Sweeping changes to electricity supply systems are needed to protect supply chains, including the removal of barriers to installing commercial and domestic renewable energy systems, according to the UK Warehousing Association (UKWA).

These are some of the recommendations made by UKWA in its response to the government’s consultation document, A review of electricity market arrangements, which closed earlier this month.

The review aims to identify reforms needed to transition to a decarbonised, cost effective and secure electricity system.

The Department of Business, Energy and Industrial Strategy (BEIS) is currently considering responses.

UKWA warns that the demand for electricity is continuing to rise in the logistics sector as businesses transition away from diesel.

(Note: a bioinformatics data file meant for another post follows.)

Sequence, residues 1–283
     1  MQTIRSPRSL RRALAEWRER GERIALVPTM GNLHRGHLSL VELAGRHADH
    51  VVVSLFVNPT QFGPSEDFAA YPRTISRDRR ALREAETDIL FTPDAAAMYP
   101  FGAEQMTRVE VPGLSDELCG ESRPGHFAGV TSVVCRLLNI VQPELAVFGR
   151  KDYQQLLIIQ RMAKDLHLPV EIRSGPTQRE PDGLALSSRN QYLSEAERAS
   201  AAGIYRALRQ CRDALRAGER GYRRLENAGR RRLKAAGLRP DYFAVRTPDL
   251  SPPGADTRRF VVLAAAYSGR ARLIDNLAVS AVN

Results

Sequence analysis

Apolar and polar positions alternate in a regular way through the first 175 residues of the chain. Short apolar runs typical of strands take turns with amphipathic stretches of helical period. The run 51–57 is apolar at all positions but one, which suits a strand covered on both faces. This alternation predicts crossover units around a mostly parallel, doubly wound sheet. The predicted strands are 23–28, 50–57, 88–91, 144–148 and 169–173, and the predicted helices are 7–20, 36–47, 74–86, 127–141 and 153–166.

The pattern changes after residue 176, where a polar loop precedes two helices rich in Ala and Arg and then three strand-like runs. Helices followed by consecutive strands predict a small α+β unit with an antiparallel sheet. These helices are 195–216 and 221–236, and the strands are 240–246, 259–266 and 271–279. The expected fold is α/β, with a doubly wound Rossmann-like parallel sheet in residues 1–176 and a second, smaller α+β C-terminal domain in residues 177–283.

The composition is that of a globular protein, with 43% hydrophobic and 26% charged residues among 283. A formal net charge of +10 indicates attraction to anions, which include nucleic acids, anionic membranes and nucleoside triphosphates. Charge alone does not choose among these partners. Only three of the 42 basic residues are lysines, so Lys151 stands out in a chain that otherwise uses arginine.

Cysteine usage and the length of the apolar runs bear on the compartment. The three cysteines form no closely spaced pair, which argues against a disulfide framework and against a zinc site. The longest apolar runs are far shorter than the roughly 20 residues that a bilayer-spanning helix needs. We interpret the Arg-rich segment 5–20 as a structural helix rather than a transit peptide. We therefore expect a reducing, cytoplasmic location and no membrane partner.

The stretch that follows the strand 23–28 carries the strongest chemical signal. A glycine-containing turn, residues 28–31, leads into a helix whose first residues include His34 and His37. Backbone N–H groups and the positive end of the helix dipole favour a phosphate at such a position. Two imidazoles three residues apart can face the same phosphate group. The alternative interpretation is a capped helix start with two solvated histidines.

It is calling for a number of measures to help secure sufficient electricity supply including the deployment of solar panels on warehouse rooftops, which it says is a largely untapped resource and one close to centres of demand and which has the potential to double the UK’s solar capacity and secure supply.

UKWA chief executive Clare Bottle says: “Our research shows that only about 5% of warehouses have any solar panels on the roof; and where they do have such panels, these usually only cover 10-25% of the available space.”

UKWA also want to see a more ambitious approach to planning and infrastructure development including the extension of solar panels’ exemption from business rates rises across the UK to Scotland, Wales and Northern Ireland.

UKWA’s report also stresses the need for Ofgem reform, to change how businesses are charged by District Network Operators when increasing the supply into the grid, as a consequence of deploying renewable generation.

Bottle added: “To encourage and incentivise the installation of renewable energy domestically and commercially, the government must remove these barriers.”